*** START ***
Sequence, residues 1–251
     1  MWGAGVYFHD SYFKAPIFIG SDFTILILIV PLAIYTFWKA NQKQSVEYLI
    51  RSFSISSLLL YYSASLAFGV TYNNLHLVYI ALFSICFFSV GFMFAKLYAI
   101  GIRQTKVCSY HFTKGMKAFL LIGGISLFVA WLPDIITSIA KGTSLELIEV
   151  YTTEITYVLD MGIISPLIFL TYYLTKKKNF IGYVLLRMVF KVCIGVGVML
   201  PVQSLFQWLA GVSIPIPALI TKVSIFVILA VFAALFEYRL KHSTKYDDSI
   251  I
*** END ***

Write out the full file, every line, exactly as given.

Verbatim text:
Sequence, residues 1–251
     1  MWGAGVYFHD SYFKAPIFIG SDFTILILIV PLAIYTFWKA NQKQSVEYLI
    51  RSFSISSLLL YYSASLAFGV TYNNLHLVYI ALFSICFFSV GFMFAKLYAI
   101  GIRQTKVCSY HFTKGMKAFL LIGGISLFVA WLPDIITSIA KGTSLELIEV
   151  YTTEITYVLD MGIISPLIFL TYYLTKKKNF IGYVLLRMVF KVCIGVGVML
   201  PVQSLFQWLA GVSIPIPALI TKVSIFVILA VFAALFEYRL KHSTKYDDSI
   251  I